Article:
Shortstop Jaylon McLaughlin from the Santa Monica High School boys varsity baseball team runs to field a ground ball that was hit into play by a batter from the San Fernanado Valley High School boys varsity baseball team at Santa Monica High School on Tuesday March 1st 2016 as SAMO hosted San Fernando in a non-league baseball game and won 1-0 in eight innings to improve thier record to 2-0

In between an outing with his father and his high school graduation party, Jaylon McLaughlin got the news he’d been waiting for since he started swinging a bat.

The standout Santa Monica High School shortstop had been selected by the New York Mets in the MLB Draft, a landmark achievement on a budding baseball journey that he hopes is far from over.

McLaughlin’s special moment culminated in a big hug with his father, who has mentored and inspired him as he’s climbed the sport’s ranks.

“They called my dad and told him that I was going to get drafted, but it was a surprise to me,” he said. “We were listening to the draft and they called my name. I was shocked.”

McLaughlin was taken in the 38th round as the 1,150th overall pick in a 40-round event during Major League organizations evaluate future talent.

McLaughlin is well aware that having his name called doesn’t come with any guarantees of playing time or money. And he knows that very few draftees end up making it to the pros.

But the 5-foot-10, 165-pound prospect, who is planning to play baseball at the University of Nevada next year, was still excited to be included in the selection process.

“It’s a confidence booster,” he said. “I know I can get drafted, and now my ultimate goal is to be a big-leaguer. It’s going to help motivate me to get what I need done and get ready to be drafted in the top five rounds [of a future draft] so I can actually be somebody.”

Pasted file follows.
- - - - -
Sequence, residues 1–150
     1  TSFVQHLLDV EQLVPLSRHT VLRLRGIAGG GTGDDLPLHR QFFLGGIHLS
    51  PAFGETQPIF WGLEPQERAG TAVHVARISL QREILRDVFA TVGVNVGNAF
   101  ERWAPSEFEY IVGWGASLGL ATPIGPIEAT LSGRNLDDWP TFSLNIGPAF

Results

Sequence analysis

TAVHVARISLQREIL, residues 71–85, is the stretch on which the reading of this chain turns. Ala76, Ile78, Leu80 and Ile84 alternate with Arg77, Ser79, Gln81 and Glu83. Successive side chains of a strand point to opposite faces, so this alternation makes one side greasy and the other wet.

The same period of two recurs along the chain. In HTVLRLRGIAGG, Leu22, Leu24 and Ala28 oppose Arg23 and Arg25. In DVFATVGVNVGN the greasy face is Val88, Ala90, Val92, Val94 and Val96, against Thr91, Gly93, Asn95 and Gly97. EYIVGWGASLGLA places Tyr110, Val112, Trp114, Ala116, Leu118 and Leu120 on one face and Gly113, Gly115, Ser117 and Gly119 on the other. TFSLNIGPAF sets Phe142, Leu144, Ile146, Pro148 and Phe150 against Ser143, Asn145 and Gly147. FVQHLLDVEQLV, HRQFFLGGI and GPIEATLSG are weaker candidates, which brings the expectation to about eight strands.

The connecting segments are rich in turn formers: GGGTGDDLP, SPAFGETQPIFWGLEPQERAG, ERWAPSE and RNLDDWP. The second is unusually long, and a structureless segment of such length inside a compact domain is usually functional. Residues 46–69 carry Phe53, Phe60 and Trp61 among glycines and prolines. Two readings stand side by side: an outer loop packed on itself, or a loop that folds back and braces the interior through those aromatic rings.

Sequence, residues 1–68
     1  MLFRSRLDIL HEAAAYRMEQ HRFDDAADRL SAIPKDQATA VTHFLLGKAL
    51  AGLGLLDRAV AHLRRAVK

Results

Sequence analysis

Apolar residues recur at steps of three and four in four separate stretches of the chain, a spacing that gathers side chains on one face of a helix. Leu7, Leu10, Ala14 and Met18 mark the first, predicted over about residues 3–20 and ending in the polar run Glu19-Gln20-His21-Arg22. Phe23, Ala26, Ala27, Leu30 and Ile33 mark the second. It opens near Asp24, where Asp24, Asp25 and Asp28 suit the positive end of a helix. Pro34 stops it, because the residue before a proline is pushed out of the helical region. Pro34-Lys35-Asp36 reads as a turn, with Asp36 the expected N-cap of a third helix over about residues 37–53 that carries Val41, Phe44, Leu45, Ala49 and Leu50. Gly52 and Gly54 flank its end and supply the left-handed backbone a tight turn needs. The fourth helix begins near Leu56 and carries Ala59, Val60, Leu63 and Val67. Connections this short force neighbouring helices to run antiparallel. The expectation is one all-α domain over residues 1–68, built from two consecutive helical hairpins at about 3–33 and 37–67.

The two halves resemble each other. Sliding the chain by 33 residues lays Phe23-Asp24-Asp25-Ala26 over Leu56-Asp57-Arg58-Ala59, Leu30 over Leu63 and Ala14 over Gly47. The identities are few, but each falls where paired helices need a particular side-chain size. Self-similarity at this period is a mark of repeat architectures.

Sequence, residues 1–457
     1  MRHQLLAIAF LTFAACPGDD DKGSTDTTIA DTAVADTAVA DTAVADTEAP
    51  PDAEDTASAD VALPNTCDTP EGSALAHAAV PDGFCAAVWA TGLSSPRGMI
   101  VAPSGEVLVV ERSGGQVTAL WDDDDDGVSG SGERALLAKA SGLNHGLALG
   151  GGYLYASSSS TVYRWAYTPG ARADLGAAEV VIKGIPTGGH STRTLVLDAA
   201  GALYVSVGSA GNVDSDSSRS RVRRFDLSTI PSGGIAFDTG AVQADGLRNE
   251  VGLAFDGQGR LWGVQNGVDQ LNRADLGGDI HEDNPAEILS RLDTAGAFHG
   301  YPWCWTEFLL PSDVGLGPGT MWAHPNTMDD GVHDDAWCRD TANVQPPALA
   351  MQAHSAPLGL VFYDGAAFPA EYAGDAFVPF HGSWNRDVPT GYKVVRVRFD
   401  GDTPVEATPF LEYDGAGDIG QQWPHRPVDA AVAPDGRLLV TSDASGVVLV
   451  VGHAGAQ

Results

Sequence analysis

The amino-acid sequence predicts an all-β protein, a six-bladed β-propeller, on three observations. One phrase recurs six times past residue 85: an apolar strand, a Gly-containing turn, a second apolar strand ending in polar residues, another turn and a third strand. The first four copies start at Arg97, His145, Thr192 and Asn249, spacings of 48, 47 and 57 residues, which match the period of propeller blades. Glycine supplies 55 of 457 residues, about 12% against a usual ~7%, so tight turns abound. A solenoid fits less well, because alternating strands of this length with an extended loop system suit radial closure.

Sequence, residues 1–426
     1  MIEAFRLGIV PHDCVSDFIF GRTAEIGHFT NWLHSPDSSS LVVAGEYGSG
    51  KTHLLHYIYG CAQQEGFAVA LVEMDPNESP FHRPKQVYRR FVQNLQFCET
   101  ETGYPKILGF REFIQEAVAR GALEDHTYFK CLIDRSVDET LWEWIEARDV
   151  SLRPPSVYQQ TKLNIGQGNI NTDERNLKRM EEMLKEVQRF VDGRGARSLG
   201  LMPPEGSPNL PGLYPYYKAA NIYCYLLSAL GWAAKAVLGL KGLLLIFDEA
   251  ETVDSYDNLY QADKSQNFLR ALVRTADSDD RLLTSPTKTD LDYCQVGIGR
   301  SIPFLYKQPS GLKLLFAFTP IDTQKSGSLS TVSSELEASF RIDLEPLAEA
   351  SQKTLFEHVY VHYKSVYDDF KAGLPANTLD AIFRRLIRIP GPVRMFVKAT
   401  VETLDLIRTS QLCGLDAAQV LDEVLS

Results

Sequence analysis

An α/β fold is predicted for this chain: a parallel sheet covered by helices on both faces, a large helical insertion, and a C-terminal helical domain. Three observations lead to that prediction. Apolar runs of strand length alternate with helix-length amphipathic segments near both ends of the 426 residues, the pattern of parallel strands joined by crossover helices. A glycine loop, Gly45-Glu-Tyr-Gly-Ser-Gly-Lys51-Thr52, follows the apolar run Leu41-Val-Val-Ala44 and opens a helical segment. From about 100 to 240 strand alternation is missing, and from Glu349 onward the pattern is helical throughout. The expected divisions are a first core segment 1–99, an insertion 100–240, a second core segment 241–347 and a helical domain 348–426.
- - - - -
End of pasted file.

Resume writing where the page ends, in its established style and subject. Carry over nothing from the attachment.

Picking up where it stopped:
McLaughlin is part of a Mets draft class that was highlighted by Boston College pitcher Justin Dunn, University of Connecticut pitcher Anthony Kay and Florida first baseman Peter Alonso.

The Mets, who compete in the NL East division, have minor-league affiliates in New York and Florida as well as Las Vegas, Tennessee, South Carolina and the Dominican Republic.

McLaughlin, whose appreciation for Nolan Ryan turned him into a longtime Texas Rangers fan, knew there was a possibility that his name would be called in this year’s draft.

This past fall, before his high school baseball season started, he filled out a questionnaire for the Mets and completed a private workout with club representatives.

Still, he was proud to be able to say that he was drafted out of high school.

“It gives me the confidence that I did something good this season, that it didn’t go unrecognized,” he said. “I felt like I set a goal and I did it. I wrote something down, and it wasn’t too far-fetched for me to do it.”

Over the summer, McLaughlin plans to improve his hitting and defensive skills while working on his strength training to prepare for collegiate baseball at Nevada. He’ll develop there under T.J. Bruce, who led the Wolf Pack to a 37-24 record in his first season at the helm.

“I’m just trying to get ready to play if they call my number,” he said. “I’m fine-tuning the stuff that needs to be fine-tuned.”

McLaughlin will work out with friends from other colleges as well as with his father, Jason, who has worked as an instructor in the MLB Urban Youth Academy. His father played college baseball but didn’t get the chance to play professionally.

“I made him happy,” he said. “Now it’s time to really make him happy and make him proud.”